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Mutual organisations have been around for centuries and can be found within all sectors of financial services. But do you know what a mutual is?
Mutuals are a group of organisations which come under a few different names such as friendly society, building society, mutual insurer and credit union. Most are long-established and some have been around for hundreds of years! They all run on the same basis and are built of a sense of ownership: save with them and benefit from being part of the community (other savers).
Mutuals, such as Foresters Friendly Society, were the original form of social network, established before the introduction of the welfare state, where a group of people contributed to a mutual fund, to then receive benefits at a time of need.
Many mutuals still have a savings focus and these days, the mutual sector has diversified to include housing associations, clubs, employee owned bodies and specialist bodies such as football supporter trusts and community mutuals.
There are also lots of new mutuals in the public sector – new independent organisations providing public services, such as NHS Foundation Trusts, Leisure Trusts, Co-operative Schools and Community Housing Schemes.
You’ve heard of shareholders. Every year, the news tells us about the huge dividends shareholders receive. A mutual, however, is owned by its savers, also known as members. There are no shareholders!
That means you, as a mutual customer, can have a say in how the organisation operates should you wish. You benefit from the mutual’s success, too – instead of profits going to shareholders who have no connection with the fund the money is re-invested for the benefits of members, to best meet their needs.
In addition, friendly societies can offer a unique tax-free savings plan outside of the annual ISA allowance. With a Tax Exempt Savings Plan, you can save an additional £300 a year (£25 a month) through a friendly society.
Today, UK mutuals are big business. According to the Association of Financial Mutuals, they account for £133 billion in revenue every year and it is estimated that 1 in 3 of the adult population is a member of at least one mutual.
Treating customers as members is only one benefit of mutual societies. One significant advantage is still steeped in the tradition of the additional support a friendly society can give you in times of need. For example, Foresters Friendly pays back over £1million every year in discretionary grants to its members, as part of its member benefits package.
This type of benefit isn’t regulated by the Financial Conduct Authority or Prudential Regulatory Authority – and that means a friendly society or mutual can adapt and change the benefits they offer with ease. It makes them more adaptable and means they can serve their members (customers) much more effectively.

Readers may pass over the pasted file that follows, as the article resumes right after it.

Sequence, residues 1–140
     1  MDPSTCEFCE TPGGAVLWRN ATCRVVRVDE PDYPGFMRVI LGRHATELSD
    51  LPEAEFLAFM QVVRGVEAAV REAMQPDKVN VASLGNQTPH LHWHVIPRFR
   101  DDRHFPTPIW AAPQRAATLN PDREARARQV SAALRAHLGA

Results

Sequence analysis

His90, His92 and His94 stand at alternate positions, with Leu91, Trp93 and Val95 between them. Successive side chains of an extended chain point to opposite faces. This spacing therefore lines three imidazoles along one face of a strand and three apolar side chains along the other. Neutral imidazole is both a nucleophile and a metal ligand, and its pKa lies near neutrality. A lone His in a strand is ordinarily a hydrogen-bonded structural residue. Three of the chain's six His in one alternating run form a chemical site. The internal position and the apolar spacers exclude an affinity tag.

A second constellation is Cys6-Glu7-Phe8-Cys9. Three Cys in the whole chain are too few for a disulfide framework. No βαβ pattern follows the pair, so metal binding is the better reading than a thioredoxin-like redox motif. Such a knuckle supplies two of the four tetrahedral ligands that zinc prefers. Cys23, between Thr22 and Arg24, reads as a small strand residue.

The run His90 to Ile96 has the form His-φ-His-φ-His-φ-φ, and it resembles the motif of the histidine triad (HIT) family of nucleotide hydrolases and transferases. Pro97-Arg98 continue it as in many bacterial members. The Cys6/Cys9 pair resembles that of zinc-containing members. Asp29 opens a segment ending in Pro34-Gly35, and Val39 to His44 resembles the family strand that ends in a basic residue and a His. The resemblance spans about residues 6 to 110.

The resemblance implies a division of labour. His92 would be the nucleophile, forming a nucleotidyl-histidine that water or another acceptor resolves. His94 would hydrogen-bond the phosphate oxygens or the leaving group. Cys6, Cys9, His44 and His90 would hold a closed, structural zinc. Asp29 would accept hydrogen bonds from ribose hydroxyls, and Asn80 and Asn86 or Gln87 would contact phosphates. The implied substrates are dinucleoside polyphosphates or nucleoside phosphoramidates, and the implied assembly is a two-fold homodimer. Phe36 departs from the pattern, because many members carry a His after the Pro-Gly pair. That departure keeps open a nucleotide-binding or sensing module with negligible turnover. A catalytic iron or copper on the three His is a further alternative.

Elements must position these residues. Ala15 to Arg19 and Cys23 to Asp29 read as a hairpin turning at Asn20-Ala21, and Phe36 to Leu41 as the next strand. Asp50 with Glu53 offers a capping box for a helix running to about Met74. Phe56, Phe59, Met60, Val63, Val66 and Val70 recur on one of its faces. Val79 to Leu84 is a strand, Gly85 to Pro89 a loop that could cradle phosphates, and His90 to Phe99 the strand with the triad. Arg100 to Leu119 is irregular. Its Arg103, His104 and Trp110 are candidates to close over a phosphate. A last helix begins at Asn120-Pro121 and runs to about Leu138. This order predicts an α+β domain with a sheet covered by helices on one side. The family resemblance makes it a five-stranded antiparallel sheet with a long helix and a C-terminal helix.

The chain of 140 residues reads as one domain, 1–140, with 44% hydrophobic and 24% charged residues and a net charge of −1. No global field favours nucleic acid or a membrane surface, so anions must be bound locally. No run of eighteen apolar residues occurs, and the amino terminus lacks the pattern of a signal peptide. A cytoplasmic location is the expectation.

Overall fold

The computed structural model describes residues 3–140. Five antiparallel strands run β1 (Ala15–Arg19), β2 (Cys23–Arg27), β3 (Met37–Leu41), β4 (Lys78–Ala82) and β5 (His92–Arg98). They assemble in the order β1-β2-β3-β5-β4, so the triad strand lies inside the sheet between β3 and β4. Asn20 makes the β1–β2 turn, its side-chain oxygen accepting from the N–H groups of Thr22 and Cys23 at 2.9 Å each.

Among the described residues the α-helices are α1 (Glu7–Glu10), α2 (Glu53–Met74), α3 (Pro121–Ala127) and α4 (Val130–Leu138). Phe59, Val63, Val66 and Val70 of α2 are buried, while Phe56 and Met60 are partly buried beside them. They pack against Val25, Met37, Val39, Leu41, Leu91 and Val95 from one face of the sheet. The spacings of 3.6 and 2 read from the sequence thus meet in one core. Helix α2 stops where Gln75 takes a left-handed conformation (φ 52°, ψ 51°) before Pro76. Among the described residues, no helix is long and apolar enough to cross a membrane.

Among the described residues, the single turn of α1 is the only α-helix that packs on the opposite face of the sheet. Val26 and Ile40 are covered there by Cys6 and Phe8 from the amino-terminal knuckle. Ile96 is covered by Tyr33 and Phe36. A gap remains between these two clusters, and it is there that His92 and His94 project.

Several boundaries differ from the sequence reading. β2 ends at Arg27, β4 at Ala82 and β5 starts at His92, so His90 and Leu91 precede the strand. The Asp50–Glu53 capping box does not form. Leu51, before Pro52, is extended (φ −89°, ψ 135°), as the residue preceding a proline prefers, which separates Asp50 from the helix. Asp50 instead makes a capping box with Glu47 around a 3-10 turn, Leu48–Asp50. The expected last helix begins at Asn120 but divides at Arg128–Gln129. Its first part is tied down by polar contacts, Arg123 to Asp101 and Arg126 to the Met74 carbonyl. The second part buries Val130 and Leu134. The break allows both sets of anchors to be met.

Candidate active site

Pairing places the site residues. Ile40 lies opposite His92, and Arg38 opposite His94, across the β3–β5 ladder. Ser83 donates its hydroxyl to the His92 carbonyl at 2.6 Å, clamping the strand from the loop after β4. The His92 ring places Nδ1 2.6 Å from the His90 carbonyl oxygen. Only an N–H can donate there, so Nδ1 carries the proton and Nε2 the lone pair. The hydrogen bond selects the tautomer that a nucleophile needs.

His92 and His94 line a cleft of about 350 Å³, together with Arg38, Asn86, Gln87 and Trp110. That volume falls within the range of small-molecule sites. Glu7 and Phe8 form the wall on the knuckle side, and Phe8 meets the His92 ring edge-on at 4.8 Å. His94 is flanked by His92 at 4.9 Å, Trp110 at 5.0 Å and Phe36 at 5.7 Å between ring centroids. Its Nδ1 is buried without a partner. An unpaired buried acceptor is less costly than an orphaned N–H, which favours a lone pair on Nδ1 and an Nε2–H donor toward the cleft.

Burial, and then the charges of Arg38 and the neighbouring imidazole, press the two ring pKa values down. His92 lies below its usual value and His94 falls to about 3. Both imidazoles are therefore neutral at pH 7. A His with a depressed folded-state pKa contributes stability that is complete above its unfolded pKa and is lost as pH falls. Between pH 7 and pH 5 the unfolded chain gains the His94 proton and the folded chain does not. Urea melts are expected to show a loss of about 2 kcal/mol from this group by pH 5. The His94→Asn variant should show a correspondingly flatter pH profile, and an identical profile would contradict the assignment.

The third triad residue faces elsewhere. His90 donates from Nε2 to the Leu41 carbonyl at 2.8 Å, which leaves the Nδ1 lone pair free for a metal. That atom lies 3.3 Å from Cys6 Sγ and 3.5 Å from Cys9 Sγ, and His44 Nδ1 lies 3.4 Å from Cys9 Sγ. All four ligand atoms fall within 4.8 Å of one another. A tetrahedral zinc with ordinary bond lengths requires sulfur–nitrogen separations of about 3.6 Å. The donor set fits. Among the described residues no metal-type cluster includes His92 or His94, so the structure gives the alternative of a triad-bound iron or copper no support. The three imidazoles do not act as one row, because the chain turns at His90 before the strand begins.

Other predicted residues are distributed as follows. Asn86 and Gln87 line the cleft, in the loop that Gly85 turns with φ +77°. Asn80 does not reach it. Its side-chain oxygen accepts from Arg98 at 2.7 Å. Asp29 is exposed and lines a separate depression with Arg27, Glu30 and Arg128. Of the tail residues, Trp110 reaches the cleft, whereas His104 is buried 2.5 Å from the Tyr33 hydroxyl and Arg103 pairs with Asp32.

Mutuals also offer affordable saving (and, if you need it, some offer affordable lending too). While there are options available for lump sum savings in an ISA or Investment Bond – such as if you get an inheritance, redundancy payout or other windfall – there are plenty of ways to save regularly too . It makes saving much easier and means you can save even on a tight budget.
As mentioned above, there are different types of mutual, most of which belong to the Association of Financial Mutuals. Some are local credit unions, which you can find using the Association of British Credit Unions website.
One of our partners, Foresters Friendly Society, is also the 7th largest friendly society in the UK under funds management, and dates from 1834 – so you know they’re treating their members right! We’ve also put together a FREE eBook with them, all about creating your safety savings net for your short, medium, and long-term goals – even on a tight budget. Download it for free HERE.
Want to know how to find extra cash to save into a mutual? Perhaps you want to know more about investing with ISAs. Read on!
A Stocks & Shares investment may provide a higher potential for returns but with slightly more risk so there is the possibility that you may not get back what you have paid in depending on the investment conditions when you cash-in your plan.
The content of this article is for information purposes only and does not constitute financial advice. Foresters Friendly Society do not offer financial advice. If you’re unsure as to the suitability of a product you should seek advice from a Financial Adviser. You may have to pay for this advice.